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These are a Few of our Favorite Things: Foodie Books

It's the holiday season, and let's face it--foodies are hard to shop for. In part 3 of our series on gifts foodies will like, we focus on books about food, wine, spirits, and gastronomy that are sure to please. These are available at your local bookstore (to the extent you have one), Half-Price Books, and online via Amazon. We have personally read each of these books, and can't recommend them more highly! There's still time to go out and get one or more of these for the foodie on your list.

Michael Ruhlman's Books: All great books centering around the Culinary Institute of America, and the making of the modern professional chef. Ruhlman covers some of America's best chefs before they were really discovered, giving you insight into what these amazing individuals went through to get where they are today.

Anthony Bordain's Books: Anthony Bordain, formerly of Food Network and the Travel Channel, now with CNN, was once a line cook, caterer, heavy drug user, and excessive drinker. These books show his growth and maturity into one of America's most astute social commentators.

The Billionaire's Vinegar: A fascinating story about the world's most expensive bottle of wine--allegedly belonging to Thomas Jefferson at one time--that mysteriously appeared on the world market under suspicious and allegedly fraudulent circumstances. This gives you insight into the mind of the ultra-high-end collector, and provides a glimpse of the rarefied air of fine wine that few know even exist.

What to Drink with What you Eat: This is a great resource for those that find themselves asking "what should I drink with that meal?" It is very approachable, and provides valuable guidance.

Jim Murray's Whisky Bible 2017: The definitive guide on all things Whisky.

Tender at the Bone: Growing up at the Table: This fantastic autobiography, by esteemed food critic Ruth Reichl, covers her childhood, and how her formative years gave her great insight into the world of food and wine.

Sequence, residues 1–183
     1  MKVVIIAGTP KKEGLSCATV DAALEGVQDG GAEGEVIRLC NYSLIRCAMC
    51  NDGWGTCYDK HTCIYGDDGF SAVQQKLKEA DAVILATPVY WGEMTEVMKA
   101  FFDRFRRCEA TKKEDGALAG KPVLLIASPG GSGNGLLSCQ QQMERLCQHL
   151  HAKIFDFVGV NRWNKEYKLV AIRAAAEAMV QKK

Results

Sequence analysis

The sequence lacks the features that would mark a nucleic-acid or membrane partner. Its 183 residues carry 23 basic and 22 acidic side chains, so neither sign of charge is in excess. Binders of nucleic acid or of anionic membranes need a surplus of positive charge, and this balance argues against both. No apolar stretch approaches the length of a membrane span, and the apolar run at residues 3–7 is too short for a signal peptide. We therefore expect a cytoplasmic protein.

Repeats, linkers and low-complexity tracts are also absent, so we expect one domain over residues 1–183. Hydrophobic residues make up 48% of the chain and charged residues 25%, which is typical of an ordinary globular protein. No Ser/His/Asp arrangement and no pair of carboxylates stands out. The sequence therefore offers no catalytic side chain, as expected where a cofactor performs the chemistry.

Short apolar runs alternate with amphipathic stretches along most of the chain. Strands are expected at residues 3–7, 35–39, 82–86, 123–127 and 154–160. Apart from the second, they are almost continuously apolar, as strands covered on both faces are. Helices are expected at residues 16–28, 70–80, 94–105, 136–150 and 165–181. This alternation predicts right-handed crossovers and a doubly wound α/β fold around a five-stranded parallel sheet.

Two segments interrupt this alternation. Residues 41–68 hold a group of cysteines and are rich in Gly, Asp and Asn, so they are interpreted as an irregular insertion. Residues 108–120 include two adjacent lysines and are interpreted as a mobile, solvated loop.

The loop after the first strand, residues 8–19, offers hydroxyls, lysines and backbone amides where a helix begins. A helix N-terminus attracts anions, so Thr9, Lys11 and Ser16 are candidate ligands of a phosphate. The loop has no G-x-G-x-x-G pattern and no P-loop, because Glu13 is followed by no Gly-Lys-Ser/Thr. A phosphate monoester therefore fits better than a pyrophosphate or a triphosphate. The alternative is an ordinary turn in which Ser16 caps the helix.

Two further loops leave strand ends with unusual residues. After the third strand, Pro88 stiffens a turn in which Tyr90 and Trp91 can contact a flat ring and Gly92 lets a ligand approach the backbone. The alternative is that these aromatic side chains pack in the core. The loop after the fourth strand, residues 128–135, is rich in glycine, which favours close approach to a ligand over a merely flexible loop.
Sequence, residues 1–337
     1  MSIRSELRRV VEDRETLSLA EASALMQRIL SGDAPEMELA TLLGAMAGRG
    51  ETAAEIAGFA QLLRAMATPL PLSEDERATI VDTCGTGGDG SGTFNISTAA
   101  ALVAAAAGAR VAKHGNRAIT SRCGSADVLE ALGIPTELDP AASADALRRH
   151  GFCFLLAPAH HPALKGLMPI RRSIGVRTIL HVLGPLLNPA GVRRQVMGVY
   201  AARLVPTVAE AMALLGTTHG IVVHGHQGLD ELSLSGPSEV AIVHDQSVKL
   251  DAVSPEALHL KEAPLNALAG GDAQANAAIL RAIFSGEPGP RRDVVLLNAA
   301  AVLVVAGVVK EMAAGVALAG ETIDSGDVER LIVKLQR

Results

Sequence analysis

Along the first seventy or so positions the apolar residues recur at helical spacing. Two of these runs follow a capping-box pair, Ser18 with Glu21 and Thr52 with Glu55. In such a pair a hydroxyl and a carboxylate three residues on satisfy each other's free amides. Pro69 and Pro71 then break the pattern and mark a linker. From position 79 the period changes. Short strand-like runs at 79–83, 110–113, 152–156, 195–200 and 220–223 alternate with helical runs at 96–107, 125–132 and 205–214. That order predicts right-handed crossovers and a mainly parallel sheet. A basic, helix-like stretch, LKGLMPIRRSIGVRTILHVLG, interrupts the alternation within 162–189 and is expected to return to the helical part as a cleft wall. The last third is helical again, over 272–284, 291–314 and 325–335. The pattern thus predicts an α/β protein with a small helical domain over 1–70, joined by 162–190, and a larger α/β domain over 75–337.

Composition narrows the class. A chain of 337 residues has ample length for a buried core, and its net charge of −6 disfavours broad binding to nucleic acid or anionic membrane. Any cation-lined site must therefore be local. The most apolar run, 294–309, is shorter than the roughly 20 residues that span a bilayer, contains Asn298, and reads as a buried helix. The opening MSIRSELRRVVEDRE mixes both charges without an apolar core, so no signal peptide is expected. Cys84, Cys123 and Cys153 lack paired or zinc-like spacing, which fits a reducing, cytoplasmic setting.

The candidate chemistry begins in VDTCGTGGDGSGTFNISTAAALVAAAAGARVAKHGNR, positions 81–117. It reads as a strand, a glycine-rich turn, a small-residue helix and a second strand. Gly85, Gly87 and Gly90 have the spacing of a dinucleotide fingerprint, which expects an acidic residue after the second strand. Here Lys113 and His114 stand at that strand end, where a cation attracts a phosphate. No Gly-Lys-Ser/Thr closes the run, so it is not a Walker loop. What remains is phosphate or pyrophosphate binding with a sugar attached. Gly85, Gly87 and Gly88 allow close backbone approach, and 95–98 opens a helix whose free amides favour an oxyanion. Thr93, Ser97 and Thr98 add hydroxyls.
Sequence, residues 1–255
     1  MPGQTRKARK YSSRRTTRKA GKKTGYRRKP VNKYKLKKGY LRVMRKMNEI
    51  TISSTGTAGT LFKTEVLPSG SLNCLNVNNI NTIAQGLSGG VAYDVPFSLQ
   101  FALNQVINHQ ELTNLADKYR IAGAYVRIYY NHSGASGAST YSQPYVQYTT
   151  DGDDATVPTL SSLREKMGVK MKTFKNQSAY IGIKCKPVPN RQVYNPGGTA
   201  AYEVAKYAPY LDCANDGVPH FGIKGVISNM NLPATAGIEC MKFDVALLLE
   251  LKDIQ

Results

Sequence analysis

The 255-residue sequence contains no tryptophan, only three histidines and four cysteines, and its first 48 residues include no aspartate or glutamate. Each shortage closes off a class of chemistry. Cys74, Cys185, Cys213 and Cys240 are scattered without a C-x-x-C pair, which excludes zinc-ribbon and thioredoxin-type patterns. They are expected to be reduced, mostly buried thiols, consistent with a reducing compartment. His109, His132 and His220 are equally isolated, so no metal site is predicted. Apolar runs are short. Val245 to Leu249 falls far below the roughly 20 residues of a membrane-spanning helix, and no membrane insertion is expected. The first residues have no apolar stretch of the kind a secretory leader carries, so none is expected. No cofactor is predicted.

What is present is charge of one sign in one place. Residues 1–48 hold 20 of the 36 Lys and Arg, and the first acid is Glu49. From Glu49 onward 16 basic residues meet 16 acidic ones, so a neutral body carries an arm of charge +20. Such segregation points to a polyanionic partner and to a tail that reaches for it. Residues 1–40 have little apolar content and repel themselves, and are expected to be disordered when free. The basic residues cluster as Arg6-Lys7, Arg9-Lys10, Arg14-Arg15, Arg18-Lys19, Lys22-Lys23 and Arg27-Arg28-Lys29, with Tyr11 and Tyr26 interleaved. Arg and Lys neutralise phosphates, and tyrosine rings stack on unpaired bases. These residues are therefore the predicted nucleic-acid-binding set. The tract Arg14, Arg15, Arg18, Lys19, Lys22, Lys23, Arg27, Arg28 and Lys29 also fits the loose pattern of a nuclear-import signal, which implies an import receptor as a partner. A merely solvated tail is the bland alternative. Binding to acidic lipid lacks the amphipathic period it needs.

Vintage Cocktails: For all of you vintage cocktail enthusiasts out there. This is a great resource to keep on your home bar.

The Sweet Life in Paris: This biography, by pastry chef turned blogger David Lebovitz, is heartfelt, touching, and funny, all rolled into one. After abruptly leaving San Francisco after a personal loss, he finds himself in Paris, quickly trying to acclimate to a new culture, and finding new purpose in life. A great read.

Books on Wine and War by Don and Petie Kladstrup: These books--one focusing on French wine during WWII, and another focusing on the history of Champagne--are interesting historical reads that still provide heartwarming stories of struggle and triumph that will make you look at your cherished bottle with new appreciation.

The World Atlas of Wine: The definitive all-in-one guide to those wanting to learn about wine around the world.

Yes, Chef: Acclaimed chef and Food Network personality Marcus Samuelsson's autobiography about being born in Ethiopia, losing his mother before the age of 4, being adopted by loving Swedish parents, and rising to become one of the most beloved soul-food chefs in the United States. It's, at times, a poignant and/or self-absorbed read that gives you a lot of insight into the mind of this interesting and talented man.

The Widow Clicquot: This is the biography of the woman who founded one of the world's most beloved champagne houses--Veuve Clicquot. It's an interesting read covering a fascinating and iron-willed woman.

As Always, Julia: These re-printed letters between famed Chef Julia Child and her literary mentor and "pen-pal" give an insight into Julia Child the person that is not seen through Julia Child the author or Julia Child the TV personality. This is a fascinating read.


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